Last night, Governor Gina M. Raimondo and the Rhode Island Commerce Corporation Board of Directors approved three school districts to host the state's new Pathways in Technology Early College High School program (P-TECH). These initial programs will focus on the key growth industries of information technology, advanced manufacturing, and cybersecurity.
The Newport Public School District, Providence Public School District, and Westerly Public School District will each receive a $200,000 grant to implement the P-TECH program within their local high schools with an enrollment of 50 to 100 students.
Rhode Island schools will model the nationally recognized success of IBM's P-TECH model, which creates partnerships among high schools, colleges, and employers, enabling students to earn associate's degrees and obtain first-in-line opportunities for jobs in Rhode Island. The model helps young people to be college and career-ready with STEM skills – disciplines that underpin some of the fastest growing industries in the U.S.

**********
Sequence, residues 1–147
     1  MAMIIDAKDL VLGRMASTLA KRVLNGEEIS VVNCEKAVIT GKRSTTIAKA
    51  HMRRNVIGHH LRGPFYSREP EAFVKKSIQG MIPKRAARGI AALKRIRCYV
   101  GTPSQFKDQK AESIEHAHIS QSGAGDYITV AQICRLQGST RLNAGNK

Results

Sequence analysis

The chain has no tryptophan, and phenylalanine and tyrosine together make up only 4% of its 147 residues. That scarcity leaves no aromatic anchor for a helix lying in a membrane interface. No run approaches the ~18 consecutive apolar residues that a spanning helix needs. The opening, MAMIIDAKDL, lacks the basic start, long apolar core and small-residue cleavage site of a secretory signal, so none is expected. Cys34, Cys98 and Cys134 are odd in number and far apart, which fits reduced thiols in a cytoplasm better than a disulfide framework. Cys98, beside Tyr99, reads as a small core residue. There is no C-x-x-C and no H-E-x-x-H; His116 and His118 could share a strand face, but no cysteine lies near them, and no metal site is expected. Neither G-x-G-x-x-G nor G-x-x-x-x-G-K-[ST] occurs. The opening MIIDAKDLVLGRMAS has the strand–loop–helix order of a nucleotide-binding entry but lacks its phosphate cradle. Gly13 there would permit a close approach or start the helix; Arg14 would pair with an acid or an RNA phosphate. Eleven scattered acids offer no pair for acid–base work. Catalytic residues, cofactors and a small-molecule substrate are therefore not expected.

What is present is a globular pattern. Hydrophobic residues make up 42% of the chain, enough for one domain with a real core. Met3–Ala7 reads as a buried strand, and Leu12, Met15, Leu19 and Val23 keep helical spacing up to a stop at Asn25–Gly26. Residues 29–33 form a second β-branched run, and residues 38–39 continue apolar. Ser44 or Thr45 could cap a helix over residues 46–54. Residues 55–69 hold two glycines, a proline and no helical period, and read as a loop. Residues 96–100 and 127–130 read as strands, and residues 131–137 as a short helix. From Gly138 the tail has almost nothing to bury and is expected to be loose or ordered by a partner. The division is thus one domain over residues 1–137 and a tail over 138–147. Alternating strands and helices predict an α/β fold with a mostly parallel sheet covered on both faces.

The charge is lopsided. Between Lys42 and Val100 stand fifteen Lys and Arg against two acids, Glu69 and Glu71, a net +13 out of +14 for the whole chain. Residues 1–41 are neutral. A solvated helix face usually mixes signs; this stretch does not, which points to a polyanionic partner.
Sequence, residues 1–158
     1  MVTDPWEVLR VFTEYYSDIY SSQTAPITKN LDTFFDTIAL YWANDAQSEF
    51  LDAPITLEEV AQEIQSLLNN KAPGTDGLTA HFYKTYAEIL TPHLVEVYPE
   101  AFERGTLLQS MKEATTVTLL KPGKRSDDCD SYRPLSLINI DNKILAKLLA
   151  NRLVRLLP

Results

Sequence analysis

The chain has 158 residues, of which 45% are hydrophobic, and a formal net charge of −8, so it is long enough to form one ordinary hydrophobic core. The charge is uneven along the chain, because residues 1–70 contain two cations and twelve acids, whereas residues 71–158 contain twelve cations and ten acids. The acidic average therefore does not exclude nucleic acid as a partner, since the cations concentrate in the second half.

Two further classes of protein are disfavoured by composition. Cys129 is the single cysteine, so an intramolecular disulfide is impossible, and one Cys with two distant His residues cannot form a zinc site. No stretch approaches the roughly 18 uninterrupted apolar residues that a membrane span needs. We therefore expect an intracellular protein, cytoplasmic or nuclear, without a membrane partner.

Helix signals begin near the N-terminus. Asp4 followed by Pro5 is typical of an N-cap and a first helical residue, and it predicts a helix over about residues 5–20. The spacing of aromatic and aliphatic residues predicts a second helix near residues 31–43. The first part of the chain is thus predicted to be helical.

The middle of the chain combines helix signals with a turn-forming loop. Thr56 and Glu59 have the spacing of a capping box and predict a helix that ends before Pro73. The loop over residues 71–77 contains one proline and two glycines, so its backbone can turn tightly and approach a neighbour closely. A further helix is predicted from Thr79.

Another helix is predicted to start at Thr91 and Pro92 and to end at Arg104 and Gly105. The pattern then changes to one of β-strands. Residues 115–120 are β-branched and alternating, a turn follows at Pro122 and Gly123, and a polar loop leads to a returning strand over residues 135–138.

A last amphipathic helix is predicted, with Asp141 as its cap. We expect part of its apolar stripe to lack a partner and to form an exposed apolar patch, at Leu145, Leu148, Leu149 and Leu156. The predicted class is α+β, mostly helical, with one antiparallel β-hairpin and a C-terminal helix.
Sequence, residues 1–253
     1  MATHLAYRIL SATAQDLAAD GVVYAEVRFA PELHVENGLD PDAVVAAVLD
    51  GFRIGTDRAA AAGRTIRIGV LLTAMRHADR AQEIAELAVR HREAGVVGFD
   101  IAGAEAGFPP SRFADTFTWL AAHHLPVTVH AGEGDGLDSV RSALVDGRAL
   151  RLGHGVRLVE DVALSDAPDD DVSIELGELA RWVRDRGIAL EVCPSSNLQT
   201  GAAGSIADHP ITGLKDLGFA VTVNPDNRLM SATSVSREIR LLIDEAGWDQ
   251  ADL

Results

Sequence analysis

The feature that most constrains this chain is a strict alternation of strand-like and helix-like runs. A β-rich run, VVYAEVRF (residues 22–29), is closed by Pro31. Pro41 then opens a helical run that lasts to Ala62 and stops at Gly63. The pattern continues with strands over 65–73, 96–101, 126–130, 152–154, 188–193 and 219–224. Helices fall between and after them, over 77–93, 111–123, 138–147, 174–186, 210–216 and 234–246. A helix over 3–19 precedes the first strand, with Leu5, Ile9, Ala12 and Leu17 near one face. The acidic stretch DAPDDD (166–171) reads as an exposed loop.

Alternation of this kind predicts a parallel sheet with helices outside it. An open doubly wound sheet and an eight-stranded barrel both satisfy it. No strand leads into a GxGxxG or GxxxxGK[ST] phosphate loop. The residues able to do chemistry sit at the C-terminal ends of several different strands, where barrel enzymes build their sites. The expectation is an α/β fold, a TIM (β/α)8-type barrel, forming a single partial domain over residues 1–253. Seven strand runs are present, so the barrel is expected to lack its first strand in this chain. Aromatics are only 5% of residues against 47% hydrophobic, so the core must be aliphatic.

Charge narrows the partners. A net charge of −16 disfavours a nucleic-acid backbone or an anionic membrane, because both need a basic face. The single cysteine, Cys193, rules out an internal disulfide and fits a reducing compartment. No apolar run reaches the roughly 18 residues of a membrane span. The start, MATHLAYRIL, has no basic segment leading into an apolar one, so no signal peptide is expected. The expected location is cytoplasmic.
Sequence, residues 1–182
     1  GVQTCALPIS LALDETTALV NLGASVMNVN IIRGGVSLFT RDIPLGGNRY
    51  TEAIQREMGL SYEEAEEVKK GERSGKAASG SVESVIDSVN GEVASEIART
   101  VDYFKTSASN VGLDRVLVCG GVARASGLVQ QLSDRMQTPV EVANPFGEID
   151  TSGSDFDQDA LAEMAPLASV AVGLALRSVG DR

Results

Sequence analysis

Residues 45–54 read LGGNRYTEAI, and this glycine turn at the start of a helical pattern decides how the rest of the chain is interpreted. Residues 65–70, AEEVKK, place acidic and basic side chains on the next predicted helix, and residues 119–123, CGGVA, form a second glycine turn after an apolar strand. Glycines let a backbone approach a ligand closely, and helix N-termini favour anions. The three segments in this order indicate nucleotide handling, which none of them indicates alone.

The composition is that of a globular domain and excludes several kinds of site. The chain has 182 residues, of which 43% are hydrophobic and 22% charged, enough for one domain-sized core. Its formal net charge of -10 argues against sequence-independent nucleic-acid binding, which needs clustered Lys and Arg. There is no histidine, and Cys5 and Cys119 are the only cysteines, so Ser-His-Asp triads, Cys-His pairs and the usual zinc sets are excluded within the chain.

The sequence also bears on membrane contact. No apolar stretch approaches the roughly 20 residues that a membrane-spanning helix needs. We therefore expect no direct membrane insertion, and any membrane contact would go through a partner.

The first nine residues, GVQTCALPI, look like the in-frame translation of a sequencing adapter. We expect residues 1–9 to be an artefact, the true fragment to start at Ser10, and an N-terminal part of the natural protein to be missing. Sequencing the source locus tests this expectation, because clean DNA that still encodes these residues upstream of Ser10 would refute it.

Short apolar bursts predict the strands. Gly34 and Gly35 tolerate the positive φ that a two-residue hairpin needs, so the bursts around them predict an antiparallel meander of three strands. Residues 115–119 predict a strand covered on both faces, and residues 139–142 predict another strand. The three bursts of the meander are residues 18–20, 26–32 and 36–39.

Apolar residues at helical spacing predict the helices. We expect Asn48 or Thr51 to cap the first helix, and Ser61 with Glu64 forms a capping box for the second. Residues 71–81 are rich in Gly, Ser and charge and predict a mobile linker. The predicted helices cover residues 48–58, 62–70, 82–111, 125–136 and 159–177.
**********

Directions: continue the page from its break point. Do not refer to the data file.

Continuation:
"The number one thing employers tell me they are looking for when choosing where to start or grow a business is a pipeline of talent," said Raimondo. "With the launch of these three P-TECH schools, we are reimagining the high school experience to prepare students with the skills they need for these high-wage, high-skills jobs. I want to thank the Providence, Newport, and Westerly schools districts for applying to host this program, and I want to commend, in advance, the students and parents who choose to participate. I hope to build on this launch with programs at even more schools to ensure every student has the opportunity to succeed in the 21st-century workforce."